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Peer Support for Military Spouses and Partners

Military spouses and partners face unique stressors such as multiple deployments, frequent moves, long separations, and concerns for the welfare of their loved ones. At times, they remain at home for extended periods to manage their households and families alone. The realities of military life can take a toll on military spouses and partners and can impact the entire family. Children often take their emotional cues from their parents. Parental anxiety may result in a stressful environment for the household, so it’s important to address parental stressors as early as possible, and for parents to build a peer support system.

Having a strong support system is one way military spouses and partners can cope with stress. Peer support groups and programs promote connection with other military spouses and partners who understand the challenges of military life, can give first-hand advice, normalize experiences, and help others feel that they are not alone.

Benefits of Peer Support

Connecting with peers can help improve your quality of life, promote wellness, and build resiliency. Your peers often know you better than anyone else and can encourage you to seek support if they notice negative changes that you may not readily see. Talking with peers who have gone through and overcome similar situations can make it easier to understand problems and find solutions. They may have valuable tips or resources to help you cope with a multitude of issues. These may include how to:

  • Talk to your children about transitions
  • Stay connected with your spouse or partner during deployment
  • Take care of yourself while supporting your service member

When looking for a support network, it is important to find people you can connect with on a personal level. Surrounding yourself with people who are dealing with similar challenges can help you combat feelings of stress and isolation. These shared experiences can make it easier to build trust and friendship.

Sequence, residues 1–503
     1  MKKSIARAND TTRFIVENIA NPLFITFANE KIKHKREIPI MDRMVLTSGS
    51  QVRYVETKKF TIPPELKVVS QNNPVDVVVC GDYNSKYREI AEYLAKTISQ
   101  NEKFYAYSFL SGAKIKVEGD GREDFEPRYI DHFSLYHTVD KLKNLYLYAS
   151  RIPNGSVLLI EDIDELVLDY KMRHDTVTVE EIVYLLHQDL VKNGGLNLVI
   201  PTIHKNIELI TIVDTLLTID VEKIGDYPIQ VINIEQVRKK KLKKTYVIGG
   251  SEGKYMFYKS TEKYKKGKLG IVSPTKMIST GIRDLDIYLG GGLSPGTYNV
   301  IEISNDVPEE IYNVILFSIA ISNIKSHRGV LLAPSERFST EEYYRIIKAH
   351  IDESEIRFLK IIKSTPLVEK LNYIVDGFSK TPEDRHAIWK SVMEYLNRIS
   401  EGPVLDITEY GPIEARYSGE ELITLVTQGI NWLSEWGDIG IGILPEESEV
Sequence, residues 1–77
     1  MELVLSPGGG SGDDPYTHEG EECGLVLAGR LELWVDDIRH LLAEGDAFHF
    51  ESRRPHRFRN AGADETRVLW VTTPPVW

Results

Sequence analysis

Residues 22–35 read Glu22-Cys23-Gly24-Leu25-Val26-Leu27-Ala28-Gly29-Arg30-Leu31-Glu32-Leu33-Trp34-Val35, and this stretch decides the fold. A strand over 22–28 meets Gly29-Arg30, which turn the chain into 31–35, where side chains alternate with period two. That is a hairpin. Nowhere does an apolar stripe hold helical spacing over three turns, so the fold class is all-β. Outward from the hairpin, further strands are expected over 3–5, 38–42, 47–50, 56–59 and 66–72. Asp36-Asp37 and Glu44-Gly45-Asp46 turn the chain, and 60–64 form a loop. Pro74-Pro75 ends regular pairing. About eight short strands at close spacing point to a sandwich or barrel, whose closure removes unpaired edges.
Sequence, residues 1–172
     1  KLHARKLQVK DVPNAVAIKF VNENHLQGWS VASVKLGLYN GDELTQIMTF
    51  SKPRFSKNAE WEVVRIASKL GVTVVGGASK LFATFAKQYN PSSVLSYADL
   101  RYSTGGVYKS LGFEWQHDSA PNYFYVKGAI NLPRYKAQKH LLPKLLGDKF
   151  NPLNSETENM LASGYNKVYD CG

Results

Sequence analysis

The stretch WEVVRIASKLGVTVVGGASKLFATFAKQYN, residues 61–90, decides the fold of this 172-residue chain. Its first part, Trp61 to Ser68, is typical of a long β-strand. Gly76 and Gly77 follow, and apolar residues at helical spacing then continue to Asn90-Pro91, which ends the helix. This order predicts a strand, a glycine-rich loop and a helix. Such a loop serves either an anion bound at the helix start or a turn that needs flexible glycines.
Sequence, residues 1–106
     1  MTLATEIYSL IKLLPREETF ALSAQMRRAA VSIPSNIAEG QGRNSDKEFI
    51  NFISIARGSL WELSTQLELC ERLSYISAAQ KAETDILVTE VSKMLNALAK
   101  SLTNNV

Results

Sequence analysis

Support Groups

Whether it is part of a formal program or a casual gathering among friends, peer support groups can help provide a sense of community for military spouses/partners. The National Resource Directory and Military OneSource can help you find support groups in your community. Each branch of the military also has Family Readiness Groups that provide a forum for developing friendships, sharing experiences, and providing useful information. Additionally, many military bases offer Key Spouse programs dedicated to welcoming and connecting with spouses to assist with military life and care.

Visit these service-specific resources to find a Family Readiness Group near you:

Online Support Networks

If you cannot find or are unable to attend an in-person support group, you can still connect with your peers online via social media channels to talk to other military spouses and partners, and form support groups. You can also join online communities, such as the Blog Brigade, where you can read tips from spouses and partners all around the world.

Reaching Out for Help is a Sign of Strength

We all need people who can help support us through life's many challenges. Reaching out to your peers is a great way to build a strong and resilient support system while fostering long-lasting friendships. The Psychological Health Resource Center can help you begin the process of connecting. You can contact this supportive service at 866-966-1020 to confidentially speak with a trained health resource consultant or you can use their 24/7 live chat.


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  • Ross, A. M., Steketee, G., Emmert-Aronson, B. O., Brown, T. A., Muroff, J., & DeVoe, E. R. (2020). Stress-buffering versus support erosion: Comparison of causal models of the relationship between social support and psychological distress in military spouses. American Journal of Orthopsychiatry, 90(3), 361–373.
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Updated February 2024

Last Updated: March 13, 2024
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